February 25, 2019


Knowledge-Based World
Last week I wrote about the need to expand your reach for new innovations and ideas concerning public education to a national scale. This week I would like to refer you to an article I tweeted today on the topic of The Future of Work. In this article (click here to read) the author, Thomas Oppong, states "You may not realize it, but your skills, knowledge and competency (past, present) are either helping you advance your career or hindering your progress in life." I am not referring you to this article to advance your career; I am referring you to it because you are the leader of a school district with students who will need these skills in their careers.
We are definitely in a knowledge-based, rapidly changing world of work. There has been much written about the number of times our present students will change careers in their lifetimes. We need to teach students to gather knowledge, communicate effectively, work in teams, collaborate and have a growth mindset. I love the Alvin Toffler quote in this article, "The illiterate of the 21st century will not be those who cannot read and write, but those who cannot learn, unlearn and relearn."
I challenge you to visit classrooms in your district this week and to determine for yourself what type of instruction is happening in your classrooms. Are there classrooms where the desks are lined up in rows and columns and the teacher does all the talking? Are there classrooms where students are doing the talking and the learning? Do students know what they are supposed to know and be able to do at the end of each lesson, each unit of instruction, each course or year of instruction? Do the teachers expect all students to learn and do the students know the teachers expect all students to learn? Are students allowed to collaborate with each other to gain understanding on the subject being taught? Are students taught how to learn and how to adapt rather than how to memorize?
The author of the article states that time is finite. We only have so much time to learn, only so much time for school. We need to ensure that students are gaining the skills they will need to adapt to this changing career landscape for their lifetime. Are these skills being taught in your classrooms?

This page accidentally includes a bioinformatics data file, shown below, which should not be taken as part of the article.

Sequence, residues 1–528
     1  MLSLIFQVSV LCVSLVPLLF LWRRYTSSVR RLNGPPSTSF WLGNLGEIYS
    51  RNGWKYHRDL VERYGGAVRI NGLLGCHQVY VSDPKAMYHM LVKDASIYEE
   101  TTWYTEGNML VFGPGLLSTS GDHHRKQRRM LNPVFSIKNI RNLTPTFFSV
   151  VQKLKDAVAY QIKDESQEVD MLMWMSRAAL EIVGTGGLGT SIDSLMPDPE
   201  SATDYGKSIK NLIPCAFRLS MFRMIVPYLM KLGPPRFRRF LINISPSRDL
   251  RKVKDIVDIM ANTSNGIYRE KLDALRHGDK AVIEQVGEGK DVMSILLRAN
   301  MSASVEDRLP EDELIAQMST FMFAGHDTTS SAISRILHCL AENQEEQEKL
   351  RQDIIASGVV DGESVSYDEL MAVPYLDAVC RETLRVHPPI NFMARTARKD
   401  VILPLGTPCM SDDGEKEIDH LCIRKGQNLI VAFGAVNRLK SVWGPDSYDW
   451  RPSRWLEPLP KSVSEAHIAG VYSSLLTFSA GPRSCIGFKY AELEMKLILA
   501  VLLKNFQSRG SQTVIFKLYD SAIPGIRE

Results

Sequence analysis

Work - Life Balance
I lead an IASA academy on work-life balance, or what we now call work-life integration. As the participants in my academy concentrate on personal goals, I have discovered that school administrators have a difficult time really personalizing their goals. Many participants want to connect personal goals to work goals. My emphasis is for the participant to focus on self. This is often hard to do because we are working on serving others, especially the students in our school districts.
I use a metaphor of juggling five balls in life. One ball, the work ball, is rubber and bounces back if dropped. The other four balls are glass balls that shatter when dropped. These four balls are family, faith, self and friends. Too often we think the work ball will shatter if dropped and we sacrifice our values and attention to the other four balls.
A goal of this academy is to have each individual establish a minimum of three goals that the individual will try to fulfill over the next 12 months. Goals can be work or life focused. It is up to the individual. I ask the participants to input the three goals into their smart phones and put a calendar notification on the goals at a regular interval so they can evaluate their progress toward their goals.
Later as I run into past participants, they will often reflect to me where they are concerning their personal goals. More often than not they refer to their personal goals, not their work goals. For example, one participant told me how they have lost over 30 pounds as they work on their personal goal to eat healthy and exercise. Another referred to a weekly date night he has established with his spouse. A third related to me how she has established a personal devotion time in her daily schedule. A fourth wrote me a personal email thanking me for motivating her to get up at 4:00 each morning to work out.
If you are interested in taking or hosting this academy, please contact me at rvoltz@iasaedu.org. For the past 12 years I have provided a variety of academies and workshops for school administrators. This is the academy that I think returns the most benefit for the participants.
Tip of the Week
I use a smart watch for a variety of functions, but my favorite function is "Activity". My daughter, Jennifer, also has an Apple Watch. A function of the watch is that you can "follow" each other in your exercise. Jennifer is a serious runner and in her first marathon she qualified for the Boston Marathon. Each day when she completes a run, I receive a message on my app what she has accomplished. Of course, she also receives a message when I complete a run. While I am not presently training for a marathon, I still run every day. My mileage is not close to Jennifer's, but we keep each other motivated by seeing what the other has accomplished that day. I recommend that you develop some kind of process with a friend, relative or colleague to keep you motivated toward your exercise goal.
For more information, please contact:

Dr. Richard Voltz
Associate Director
Professional Development/Induction-Mentoring
2648 Beechler Court
Springfield, IL 62703
Follow me on Twitter at:  https://twitter.com/rvoltz